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top tips for supply teachers

Top tips for supply teachers:

I seem to alternate between being a supply teacher and working on staff in schools. I love both! Supply teachers have more freedom, can try new year groups and do less paperwork. They also don’t get paid as much. Contracted teachers work a lot more hours, but they get more money, pay for sickness, weekends and holidays and they get to work with cool little kiddos day to day and see them develop, learn, grow and take on class routines. Like I said before, I love both!

You may not know it but there are some tips for supply teachers that you may not know. And they may well make the transition to supply teaching easier. For current supply teachers? I still think it is valuable to read this and at least establish you are doing these things and maybe even more! If you have any extra tips for supply teachers then don’t forget to comment!

Preparing for your workday

  • Take your own pens. I have a 4 coloured Biro (red/green/blue/black), a pencil, rubber and pencil sharpener and a whiteboard marker. This means I am not scrabbling around the teacher desk trying to find stationery. Nor am I relying on children to direct me to writing implements. It helps me remain calm and in control. The pens etc are normally fairly evident, however, I feel prepared and calm! Bonus tip: have a pencil that is not a yellow and black strip school style one or add a sticker with your name. Make your equipment identifiable so that it doesn’t join the collective….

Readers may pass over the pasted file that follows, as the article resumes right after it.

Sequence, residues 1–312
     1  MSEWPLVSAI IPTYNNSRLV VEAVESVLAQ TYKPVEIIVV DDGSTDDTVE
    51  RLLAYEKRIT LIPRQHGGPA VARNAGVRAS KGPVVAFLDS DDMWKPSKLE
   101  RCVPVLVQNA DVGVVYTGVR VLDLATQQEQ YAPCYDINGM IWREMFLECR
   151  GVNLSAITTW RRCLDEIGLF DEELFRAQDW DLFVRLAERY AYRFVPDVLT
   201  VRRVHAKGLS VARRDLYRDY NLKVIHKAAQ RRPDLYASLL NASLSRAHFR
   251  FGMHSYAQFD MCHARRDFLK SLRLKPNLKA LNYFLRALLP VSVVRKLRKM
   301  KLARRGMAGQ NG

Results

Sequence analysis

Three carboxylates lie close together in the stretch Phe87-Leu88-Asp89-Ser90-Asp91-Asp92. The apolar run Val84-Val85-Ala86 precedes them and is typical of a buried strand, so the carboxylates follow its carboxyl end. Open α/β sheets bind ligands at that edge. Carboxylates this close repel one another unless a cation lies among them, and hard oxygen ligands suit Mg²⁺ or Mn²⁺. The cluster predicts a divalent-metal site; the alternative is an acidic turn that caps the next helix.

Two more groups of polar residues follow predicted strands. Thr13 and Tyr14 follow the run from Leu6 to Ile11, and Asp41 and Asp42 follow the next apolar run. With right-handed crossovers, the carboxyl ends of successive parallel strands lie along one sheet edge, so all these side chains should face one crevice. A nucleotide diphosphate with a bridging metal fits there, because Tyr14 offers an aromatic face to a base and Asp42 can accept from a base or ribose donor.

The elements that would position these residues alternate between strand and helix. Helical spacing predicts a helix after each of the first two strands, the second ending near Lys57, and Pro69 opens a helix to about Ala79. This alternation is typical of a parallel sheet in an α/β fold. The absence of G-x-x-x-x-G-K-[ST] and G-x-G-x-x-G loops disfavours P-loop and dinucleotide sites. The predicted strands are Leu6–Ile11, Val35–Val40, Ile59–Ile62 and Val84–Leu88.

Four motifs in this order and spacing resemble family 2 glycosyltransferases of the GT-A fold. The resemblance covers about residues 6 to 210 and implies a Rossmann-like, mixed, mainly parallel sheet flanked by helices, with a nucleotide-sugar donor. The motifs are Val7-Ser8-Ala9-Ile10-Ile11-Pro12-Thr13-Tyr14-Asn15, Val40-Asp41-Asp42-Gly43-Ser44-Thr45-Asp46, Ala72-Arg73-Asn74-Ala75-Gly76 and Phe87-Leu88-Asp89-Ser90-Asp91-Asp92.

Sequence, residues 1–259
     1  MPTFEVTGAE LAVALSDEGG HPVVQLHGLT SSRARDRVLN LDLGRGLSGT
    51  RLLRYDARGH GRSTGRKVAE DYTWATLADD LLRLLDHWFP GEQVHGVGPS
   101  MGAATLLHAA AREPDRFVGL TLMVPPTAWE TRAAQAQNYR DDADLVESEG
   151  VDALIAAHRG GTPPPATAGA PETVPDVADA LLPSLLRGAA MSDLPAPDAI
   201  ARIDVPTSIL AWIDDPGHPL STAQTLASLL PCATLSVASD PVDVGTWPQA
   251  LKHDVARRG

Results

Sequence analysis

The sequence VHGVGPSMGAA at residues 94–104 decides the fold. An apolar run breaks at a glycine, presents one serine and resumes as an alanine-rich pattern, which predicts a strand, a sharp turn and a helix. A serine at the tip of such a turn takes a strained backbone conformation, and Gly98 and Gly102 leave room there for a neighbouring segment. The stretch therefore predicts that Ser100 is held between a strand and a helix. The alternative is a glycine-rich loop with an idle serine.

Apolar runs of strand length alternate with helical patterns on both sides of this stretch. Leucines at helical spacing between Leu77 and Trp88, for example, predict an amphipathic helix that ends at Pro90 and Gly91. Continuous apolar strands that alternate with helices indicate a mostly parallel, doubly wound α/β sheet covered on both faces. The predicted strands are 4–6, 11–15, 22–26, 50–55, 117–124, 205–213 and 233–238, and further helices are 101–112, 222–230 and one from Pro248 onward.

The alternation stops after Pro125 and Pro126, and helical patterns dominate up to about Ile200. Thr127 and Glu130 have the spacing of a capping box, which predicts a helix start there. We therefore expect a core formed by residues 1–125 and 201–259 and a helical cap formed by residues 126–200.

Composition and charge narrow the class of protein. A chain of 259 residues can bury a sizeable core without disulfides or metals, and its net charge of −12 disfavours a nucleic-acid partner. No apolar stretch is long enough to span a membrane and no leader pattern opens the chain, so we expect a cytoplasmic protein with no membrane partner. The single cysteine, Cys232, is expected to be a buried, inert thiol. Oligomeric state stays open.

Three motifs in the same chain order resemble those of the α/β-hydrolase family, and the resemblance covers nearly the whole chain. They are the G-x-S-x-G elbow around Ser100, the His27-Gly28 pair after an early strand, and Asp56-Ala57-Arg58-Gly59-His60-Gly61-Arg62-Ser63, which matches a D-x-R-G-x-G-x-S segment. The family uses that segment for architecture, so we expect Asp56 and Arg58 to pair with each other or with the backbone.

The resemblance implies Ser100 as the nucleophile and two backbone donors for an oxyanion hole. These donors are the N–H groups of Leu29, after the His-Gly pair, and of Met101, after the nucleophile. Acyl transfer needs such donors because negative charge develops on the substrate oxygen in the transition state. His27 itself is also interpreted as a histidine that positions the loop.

• Take a thermos mug . First off, if you bring your own cup then you know you can have a drink and not upset anyone by using the “wrong” mug. In a thermos mug you can have it in the classroom or playground during any duties.
  • Take a whistle for PE/Break duty, but check whether one is used because some schools have a no whistle policy, some have bells for breaks.
  • Invest in stickers with your name on as they are special (and cheap on amazon).

When you arrive at your booking:

  • Bring photographic ID.
  • Turn up on time and if you are going to be late, let the agency know so they can ring the school. People wont be cross if they are informed.
  • Always ask about the school’s handwriting script (joined/printing/precursive etc) before the day starts.
  • Find out about fire drills, first aid, asthma and any special needs etc, marking policies, behaviour schemes and assemblies because people don’t always remember tell you.